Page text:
[French translation, validation and adaptation of the Stigma Scale]

S Morandi, S Gibellini Manetti, G Zimmermann, J Favrod, A Chanachev, M Monnat, C Bonsack
L'Encéphale 2013, 39 (6): 408-15

AIM: People suffering from mental illness are exposed to stigma. However, only few tools are available to assess stigmatization as perceived from the patient's perspective. The aim of this study is to adapt and validate a French version of the Stigma Scale (King et al., 2007 [8]). This self-report questionnaire has a three-factor structure: discrimination, disclosure and positive aspects of mental illness. Discrimination subscale refers to perceived negative reactions of others. Disclosure subscale refers mainly to managing disclosure to avoid discrimination and finally positive aspects subscale taps into how patients are becoming more accepting, more understanding toward their illness.

METHOD: In the first step, internal consistency, convergent validity and test-retest reliability of the French adaptation of the 28-item scale were assessed in a sample of 183 patients. Results of confirmatory factor analyses (CFA) did not confirm the hypothesized structure. In the light of the failed attempts to validate the original version, an alternative 9-item short-form version of the Stigma Scale, maintaining the integrity of the original model, was developed based on results of exploratory factor analyses in the first sample and cross-validated in a new sample of 234 patients.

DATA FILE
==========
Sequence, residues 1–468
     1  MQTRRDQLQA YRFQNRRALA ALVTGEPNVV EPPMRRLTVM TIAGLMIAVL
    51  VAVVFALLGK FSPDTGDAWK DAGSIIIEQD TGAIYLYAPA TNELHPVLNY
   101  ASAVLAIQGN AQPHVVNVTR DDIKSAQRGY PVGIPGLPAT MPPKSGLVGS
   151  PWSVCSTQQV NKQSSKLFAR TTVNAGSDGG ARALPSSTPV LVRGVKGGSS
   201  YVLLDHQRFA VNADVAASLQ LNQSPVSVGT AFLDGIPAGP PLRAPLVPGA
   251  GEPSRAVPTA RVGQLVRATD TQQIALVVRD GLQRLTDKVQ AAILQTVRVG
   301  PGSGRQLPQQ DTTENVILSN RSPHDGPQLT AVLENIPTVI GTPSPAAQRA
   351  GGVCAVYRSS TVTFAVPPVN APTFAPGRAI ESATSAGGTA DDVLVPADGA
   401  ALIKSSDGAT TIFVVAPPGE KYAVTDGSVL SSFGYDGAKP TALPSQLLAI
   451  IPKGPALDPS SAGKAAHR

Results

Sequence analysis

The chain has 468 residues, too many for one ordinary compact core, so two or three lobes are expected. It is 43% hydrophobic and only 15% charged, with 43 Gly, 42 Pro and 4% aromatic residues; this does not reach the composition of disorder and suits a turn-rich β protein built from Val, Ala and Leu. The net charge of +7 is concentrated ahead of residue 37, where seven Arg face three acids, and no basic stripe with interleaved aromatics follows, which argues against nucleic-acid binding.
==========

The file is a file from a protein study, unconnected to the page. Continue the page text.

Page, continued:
RESULTS: Results of CFA did not confirm that the data fitted well to the three-factor model of the 28-item Stigma Scale (χ(2)/df=2.02, GFI=0.77, AGFI=0.73, RMSEA=0.07, CFI=0.77 and NNFI=0.75). Cronbach's α was excellent for discrimination (0.84) and disclosure (0.83) subscales but poor for potential positive aspects (0.46). External validity was satisfactory. Overall Stigma Scale total score was negatively correlated with the score on Rosenberg's Self-Esteem Scale (r=-0.49), and each subscale was significantly correlated with a visual analogue scale that referred to the specific aspect of stigma (0.43≤|r|≤0.60). Intraclass correlation coefficients between 0.68 and 0.89 indicated good test-retest reliability. The results of the CFA demonstrated that the items chosen for the short version of the Stigma Scale have the expected fit properties (χ(2)/df=1.02, GFI=0.98, AGFI=0.98, RMSEA=0.01, CFI=1.0 and NNFI=1.0). Considering the small number (three) of items in each subscale of the short version of the Stigma Scale, α coefficients for discrimination (0.57), disclosure (0.80) and potential positive aspects subscales (0.62) are considered as good.

CONCLUSION: Our results suggest that the 9-item French short version of the Stigma Scale is a useful, reliable and valid self-report questionnaire to assess perceived stigmatization in people suffering from mental illness. The time of completion is really short and questions are well understood and accepted by the patients.

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